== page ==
The Loman family – from left Biff (Tom Gage)

REVIEW: White Rock Players’ gamble pays off

Actors shine in Arthur Miller classic, Death of A Salesman.

It’s a sign of bravado (perhaps even a Willy Lomanesque conceit) for a struggling amateur-theatre troupe to open its season with an all-time-classic of the U.S. theatre.

In the years since 1949, when Arthur Miller penned Death of a Salesman – the story of one family’s tragic attempt at the American dream – it’s been dissected and analyzed, winning a Pulitzer Prize and repeated Tony Awards for its multiple Broadway revivals starring a pantheon of thespians in the role originated by Lee J. Cobb: George C. Scott, Dustin Hoffman, Brian Dennehy and, in 2012, Philip Seymour Hoffman.

In the White Rock Players’ Club production, we are introduced to Willy Loman by way of club president Fred Partridge, after the proud patriarch has been demonstrating telltale signs of age.

Willy and Linda Loman

Willy and wife Linda (Jane Mantle) acknowledge, at least to each other, the struggles of simply paying their bills on his meagre travelling-salesman commissions. This is all the more heartbreaking, as the once-promising City of New York – indeed their country – seems to have boxed them in.

The return of prodigal-son Biff (Tom Gage) alongside his outwardly more-successful brother, Happy (Edwin Perez), completes the dysfunctional Loman-family dynamic, and sends Willy further into his dementia-laden spiral through the shrouds of his past.

I admit it was with trepidation that I entered the Coast Capital Playhouse, having been less inspired than some, two years earlier, by their heavy-handed version of another Miller classic, The Crucible, also directed by Ryan Mooney.

There are certainly risks in staging such a well-known tragedy as Salesman, particularly as the club has struggled in recent months to fill its seats (no more evident, sadly, than at the gala opening night last week).

The casting of Willy Loman could be seen as another – given Partridge’s greater focus, in recent years, behind the scenes – as Salesman would surely misfire without a commanding lead.

Fortunately, Partridge embodies Willy’s deluded arrogance as a father, and, later, his resentful pathos as he approaches the senior years, allowing nearly all of the supporting cast to complement his proficient performance.

The two sons, in particular, bring a naturalness to the dialogue that is rarely seen at this level of amateur theatre, especially during their brotherly exchanges. Gage’s Biff tests Willy’s emotions and memories, while Perez’s Happy selectively recreates his father’s positive outlook. Mantle, as Willy’s enabling wife, raises both our sympathy and our ire, showing Linda’s hapless struggle to help her delusional husband rediscover his previous deluded path.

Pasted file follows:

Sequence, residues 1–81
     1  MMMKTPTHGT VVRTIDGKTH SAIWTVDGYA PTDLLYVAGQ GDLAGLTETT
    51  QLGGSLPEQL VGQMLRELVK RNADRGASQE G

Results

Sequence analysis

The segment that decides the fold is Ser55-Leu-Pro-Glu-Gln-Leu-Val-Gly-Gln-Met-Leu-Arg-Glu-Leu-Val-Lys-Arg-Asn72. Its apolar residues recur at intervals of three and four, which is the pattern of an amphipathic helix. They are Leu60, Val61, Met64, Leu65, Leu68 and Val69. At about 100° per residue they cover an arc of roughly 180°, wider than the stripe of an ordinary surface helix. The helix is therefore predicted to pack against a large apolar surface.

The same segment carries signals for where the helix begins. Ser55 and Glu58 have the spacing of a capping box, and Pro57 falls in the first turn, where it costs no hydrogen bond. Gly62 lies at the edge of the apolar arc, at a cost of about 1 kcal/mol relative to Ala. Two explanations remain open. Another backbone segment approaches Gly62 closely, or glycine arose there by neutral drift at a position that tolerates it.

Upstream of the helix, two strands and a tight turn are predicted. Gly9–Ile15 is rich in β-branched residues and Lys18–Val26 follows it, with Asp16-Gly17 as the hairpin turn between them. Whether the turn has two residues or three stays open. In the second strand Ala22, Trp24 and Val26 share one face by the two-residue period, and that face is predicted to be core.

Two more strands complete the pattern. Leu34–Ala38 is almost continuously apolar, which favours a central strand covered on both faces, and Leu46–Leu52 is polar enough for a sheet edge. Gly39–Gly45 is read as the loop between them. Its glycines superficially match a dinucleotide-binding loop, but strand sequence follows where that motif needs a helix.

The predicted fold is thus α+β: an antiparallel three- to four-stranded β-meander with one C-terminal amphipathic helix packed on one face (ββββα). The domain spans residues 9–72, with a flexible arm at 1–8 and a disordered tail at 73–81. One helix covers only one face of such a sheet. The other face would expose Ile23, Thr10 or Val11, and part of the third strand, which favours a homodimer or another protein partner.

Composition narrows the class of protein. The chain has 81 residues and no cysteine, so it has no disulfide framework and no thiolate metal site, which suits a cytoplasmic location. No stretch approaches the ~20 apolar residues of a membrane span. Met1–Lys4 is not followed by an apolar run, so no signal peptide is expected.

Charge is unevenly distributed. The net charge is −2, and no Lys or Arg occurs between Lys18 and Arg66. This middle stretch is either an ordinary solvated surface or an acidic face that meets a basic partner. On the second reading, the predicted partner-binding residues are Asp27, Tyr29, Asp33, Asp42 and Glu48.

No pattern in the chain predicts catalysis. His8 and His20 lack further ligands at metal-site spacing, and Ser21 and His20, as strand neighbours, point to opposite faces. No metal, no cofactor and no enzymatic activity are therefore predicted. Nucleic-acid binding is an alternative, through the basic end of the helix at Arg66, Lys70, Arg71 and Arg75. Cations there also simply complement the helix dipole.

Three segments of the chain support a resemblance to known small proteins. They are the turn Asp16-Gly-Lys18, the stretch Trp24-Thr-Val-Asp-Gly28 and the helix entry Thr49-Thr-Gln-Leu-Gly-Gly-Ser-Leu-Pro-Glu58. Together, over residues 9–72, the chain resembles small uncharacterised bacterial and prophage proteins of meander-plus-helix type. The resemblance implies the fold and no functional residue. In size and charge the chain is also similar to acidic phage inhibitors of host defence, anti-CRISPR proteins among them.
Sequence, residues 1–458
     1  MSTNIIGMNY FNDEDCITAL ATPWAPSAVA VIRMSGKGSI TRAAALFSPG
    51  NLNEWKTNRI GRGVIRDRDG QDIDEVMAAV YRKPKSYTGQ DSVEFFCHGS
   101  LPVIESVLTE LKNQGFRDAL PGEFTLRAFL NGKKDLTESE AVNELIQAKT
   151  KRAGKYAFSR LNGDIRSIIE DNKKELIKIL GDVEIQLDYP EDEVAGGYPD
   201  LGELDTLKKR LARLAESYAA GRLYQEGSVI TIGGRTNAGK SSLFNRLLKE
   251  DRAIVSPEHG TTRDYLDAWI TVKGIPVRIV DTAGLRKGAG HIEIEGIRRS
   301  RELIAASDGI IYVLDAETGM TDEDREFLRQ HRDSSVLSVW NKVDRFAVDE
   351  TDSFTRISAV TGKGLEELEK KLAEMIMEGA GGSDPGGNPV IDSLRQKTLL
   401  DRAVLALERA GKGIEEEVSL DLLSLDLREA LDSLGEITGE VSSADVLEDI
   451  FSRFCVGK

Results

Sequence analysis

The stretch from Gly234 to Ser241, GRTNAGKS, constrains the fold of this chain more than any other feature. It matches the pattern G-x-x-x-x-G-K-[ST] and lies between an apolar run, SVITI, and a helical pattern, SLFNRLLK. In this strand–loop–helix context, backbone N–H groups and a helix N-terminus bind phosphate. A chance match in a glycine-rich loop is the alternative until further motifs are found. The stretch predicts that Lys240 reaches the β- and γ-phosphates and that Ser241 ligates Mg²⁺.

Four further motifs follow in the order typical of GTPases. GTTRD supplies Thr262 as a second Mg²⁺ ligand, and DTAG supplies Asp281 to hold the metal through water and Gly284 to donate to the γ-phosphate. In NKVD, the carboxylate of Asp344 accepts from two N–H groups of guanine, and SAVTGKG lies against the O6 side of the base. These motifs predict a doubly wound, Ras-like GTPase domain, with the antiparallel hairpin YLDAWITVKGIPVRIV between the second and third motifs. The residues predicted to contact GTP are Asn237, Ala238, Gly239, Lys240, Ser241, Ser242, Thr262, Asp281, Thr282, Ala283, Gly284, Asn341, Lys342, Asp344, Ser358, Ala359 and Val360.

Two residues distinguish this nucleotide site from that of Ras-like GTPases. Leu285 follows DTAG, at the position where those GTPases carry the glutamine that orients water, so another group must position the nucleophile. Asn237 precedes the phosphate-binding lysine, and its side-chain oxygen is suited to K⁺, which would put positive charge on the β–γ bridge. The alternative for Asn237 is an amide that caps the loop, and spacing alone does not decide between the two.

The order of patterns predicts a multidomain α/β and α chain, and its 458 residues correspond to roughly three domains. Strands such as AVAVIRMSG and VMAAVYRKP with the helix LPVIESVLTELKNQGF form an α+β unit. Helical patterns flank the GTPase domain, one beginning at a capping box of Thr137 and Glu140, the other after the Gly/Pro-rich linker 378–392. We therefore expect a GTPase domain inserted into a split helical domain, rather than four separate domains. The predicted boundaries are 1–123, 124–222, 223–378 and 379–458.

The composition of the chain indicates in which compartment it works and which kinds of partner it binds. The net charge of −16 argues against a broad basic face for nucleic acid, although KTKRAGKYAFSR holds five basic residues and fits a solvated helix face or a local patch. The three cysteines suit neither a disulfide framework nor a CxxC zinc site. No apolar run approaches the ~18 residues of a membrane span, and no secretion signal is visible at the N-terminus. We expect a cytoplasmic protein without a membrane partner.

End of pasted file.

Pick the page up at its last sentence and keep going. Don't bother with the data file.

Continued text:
Supporting characters add to the club’s triumph. Sean Malczewski impresses as serious-minded Bernard, most notably when we see the results of his studiousness; Josh Fuller plays two diverse smaller characters – employer Howard and waiter Stanley – that deliver, quite naturally, the tone needed in each case; and Ken Cross as Willy’s brother, Ben, and Heather-Jane Robertson as The Woman set the scenes’ respective moods with each of their definitive entrances.

Katherine Naylor and Krystle Hadlow also provide solid characterizations as Happy’s potential dining companions, though, admittedly, I missed the all-too-timely ‘working girl’ aspects of their roles.

Lighting (Guy Paterson) and sound design (Gordon Mantle) also deliver, as does the set (Eleanor Gibson), all adding multiple layers and dimensions, and adding filmic transitions rarely seen on this stage. And the period costumes (Laura McKenzie), set dec (Andrea Olund and Heather Harris) and props (Naomi Mitchell) properly supplement the proceedings.

Salesman isn’t without its minor miscues, none more evident than the unnecessarily on-the-nose sound effect and reaction to Willy’s last exit.

And as successful as Partridge is in finding his character’s voice, one might hope for a few more vocal variations as he delivers Willy’s more subtle mood shifts.

Likewise, as strong as all three ‘youth’ are as adults, their childlike energy could be tempered, if ever so slightly.

Lastly, Brian Wilson as Willy’s friend and foil, Charley, seemed to lack the clarity of his convictions, at least in the second night of the show’s run. Charley has worked hard for his success, whereas Willy puts his faith in a nice smile and a shoeshine – yet Charley still shields Willy from responsibility. A beautiful character on the page.

All in all, Mooney and producer Rebekah MacEwan have put on a polished production worthy of both its script and audience. It’s on stage at Coast Capital Playhouse (604-536-7535) until Oct. 24.

 

 

 

 

 

 

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